If I could do it again, there’s no way that I would have started this blog on Blogger. While I really like and appreciate the powerful toolset that Google makes available to the user with Blogger, and although I generally appreciate their (since Beta Blogger in 2006) reliable service and low (free, actually) cost, there are many things that I would love to do on this site that are extremely cumbersome with Blogger.
Why don’t I simply move this site? I do happen to already own quite a few domain names, and I have some other blogs hosted at their own URLs, using the excellent WordPress content management system in the background. Why not just export my content to a new domain name and go from there?
I’ve thought about it—I actually did move this to doublebassblog.com in January of 2007, with disastrous results. Google has started providing a service they call ‘custom domains’, a service which allows Blogger users to move their blog to a new URL and keep all of their links intact. For me, at least, the service was not exactly ready for prime-time. You can read all about that debacle here. While I would like to try this again (and hopefully not torpedo my blog in the process like I did before), I’m not planning on making any change in the URL for quite a while.
The biggest reason why I’m staying put at this URL is that if I move (in any way other than with the ‘custom domains’ feature), all of my links will break. Anyone who has linked to me in the past (and I have hundreds of sites with inbound links to this blog) will find themselves with dead links.
This, to put it mildly, stinks.
I am always annoyed when sites I visit change their URL, and I know that I have stopped visiting several such sites simply because they dropped off my radar when they moved. Sending out e-mails or making posts announcing the change doesn’t work. People find a link, bookmark it, and often quit visiting the site if that link suddenly becomes inactive.
Many blog fans would likely still come to the new site, and in six month’s time my traffic would probably be back to what it was pre-domain move. But that is just too much of a pain and too excruciatingly long for me to wait.
When I started this site, I had no plans to turn it into a double bass hub. It was just the place where I would tell my students to visit and get their lesson assignments. The day I found out how to link to a PDF file so students could download material from the blog was a hugely exciting moment for me.
As I kept working on the site, I started to get more into it. As I got more into it, I started to actually WRITE on it rather than just put student material on it. (If you want a laugh, go check out the January 2006 blog archives). As I started to write, people started to find the site (thanks to Google), and things just kind of grew from there.
Since it was all an organic process (like much development on the web), there was not a point where I clearly thought,
“Hey, I’d better move this site over to my own domain name, so that I can pay for only slightly more functionality than I get for free!”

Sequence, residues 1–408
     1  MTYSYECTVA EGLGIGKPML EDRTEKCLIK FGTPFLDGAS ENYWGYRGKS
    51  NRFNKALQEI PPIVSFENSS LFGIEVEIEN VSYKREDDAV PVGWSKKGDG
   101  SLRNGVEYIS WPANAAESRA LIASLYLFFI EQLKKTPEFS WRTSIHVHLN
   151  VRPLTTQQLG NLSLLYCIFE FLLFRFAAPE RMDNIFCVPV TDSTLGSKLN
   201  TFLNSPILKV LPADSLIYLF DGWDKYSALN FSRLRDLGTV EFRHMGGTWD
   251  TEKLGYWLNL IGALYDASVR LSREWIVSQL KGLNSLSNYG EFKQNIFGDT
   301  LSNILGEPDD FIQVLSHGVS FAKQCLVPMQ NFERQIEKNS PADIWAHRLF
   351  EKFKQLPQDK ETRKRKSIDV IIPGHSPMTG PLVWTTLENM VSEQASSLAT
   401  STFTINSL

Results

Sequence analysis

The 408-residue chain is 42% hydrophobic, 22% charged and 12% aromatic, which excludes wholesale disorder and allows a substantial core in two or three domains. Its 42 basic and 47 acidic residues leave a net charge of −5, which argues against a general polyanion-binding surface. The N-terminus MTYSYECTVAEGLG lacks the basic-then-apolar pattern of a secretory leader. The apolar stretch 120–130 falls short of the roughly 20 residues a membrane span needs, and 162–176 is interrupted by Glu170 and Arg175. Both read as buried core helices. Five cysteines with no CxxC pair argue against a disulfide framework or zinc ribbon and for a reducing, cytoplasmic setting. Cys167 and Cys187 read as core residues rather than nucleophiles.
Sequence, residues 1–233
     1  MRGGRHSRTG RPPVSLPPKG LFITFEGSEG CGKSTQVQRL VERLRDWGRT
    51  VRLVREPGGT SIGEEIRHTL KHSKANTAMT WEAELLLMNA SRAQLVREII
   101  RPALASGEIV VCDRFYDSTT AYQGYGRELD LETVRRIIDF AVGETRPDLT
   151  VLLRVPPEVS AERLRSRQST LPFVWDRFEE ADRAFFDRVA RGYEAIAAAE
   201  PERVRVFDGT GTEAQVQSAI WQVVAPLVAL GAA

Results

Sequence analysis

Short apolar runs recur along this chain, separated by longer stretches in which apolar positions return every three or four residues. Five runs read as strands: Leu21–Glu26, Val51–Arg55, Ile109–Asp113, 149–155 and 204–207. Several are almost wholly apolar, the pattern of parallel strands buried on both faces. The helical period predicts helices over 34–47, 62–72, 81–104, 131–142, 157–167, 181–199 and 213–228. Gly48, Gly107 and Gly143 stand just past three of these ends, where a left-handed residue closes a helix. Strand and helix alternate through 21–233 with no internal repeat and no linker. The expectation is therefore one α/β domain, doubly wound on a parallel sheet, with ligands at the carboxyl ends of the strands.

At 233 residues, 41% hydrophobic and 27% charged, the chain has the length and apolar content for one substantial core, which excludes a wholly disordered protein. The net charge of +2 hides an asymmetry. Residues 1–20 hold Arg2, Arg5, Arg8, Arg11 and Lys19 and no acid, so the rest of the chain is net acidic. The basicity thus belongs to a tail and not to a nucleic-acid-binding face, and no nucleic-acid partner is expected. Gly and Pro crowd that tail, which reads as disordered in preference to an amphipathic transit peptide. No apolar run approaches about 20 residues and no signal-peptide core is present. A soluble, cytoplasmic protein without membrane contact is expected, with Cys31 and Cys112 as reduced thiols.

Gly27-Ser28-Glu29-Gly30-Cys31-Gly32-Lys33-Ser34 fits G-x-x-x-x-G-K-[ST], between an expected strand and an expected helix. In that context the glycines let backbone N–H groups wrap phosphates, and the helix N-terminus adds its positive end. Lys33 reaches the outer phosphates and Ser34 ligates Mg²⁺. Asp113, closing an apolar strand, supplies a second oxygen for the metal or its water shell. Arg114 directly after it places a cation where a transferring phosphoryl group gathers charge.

But now, I wish I had.
As I expand into some different commercial endeavors on this blog, the fact that it is on Blogspot becomes a little problematic, and I will at some point have to deal with that issue. If one is inclined to hack and alter their blog (as I am), one can really do a lot with the toolset that Blogger provides, and I have found ways around many challenges that Blogspot hosting presents.
The lesson I have learned is this—if you are planning on growing something into a business or a professional site, you’re better off just paying for hosting and getting the increased flexibility that this provides.
On the other hand, I am certain that I would not have started this site if it weren’t for Blogger. It was easy (and free) to begin, and I had to actually start it to realize that I had a taste for it.
In the end, I will probably just move this blog to doublebassblog.com using the Google custom domains feature (and thus preserving all of my inbound links and Google juice) and add any additional needed functionality at a parallel site on one of my other domains.
I have found that, while these are issues that vex me, most readers couldn’t care less what the URL of a site is or the method in which it is hosted. If you are one of those readers, you have my apologies for going on and on about this subject. I do think, however, that those who are considering starting a blog should consider these issues.
In the end, I do recommend Blogger for people interested in starting a blog. Their tools are much more powerful (if a touch blander) than what is offered at a freely hosted WordPress.com blog, and either of these options is much more preferable than blogging through MySpace, Vox, Xanga, or other such social networking services.
One can make a Blogger blog very functional—one just has to work a little harder at it than when using a system such as WordPress. InstaBloke and the D’bassists blogs are two examples that readily come to mind. I have worked a lot on this blog to ‘de-Bloggerize’ it. I just wish that I had started with WordPress in the first place.
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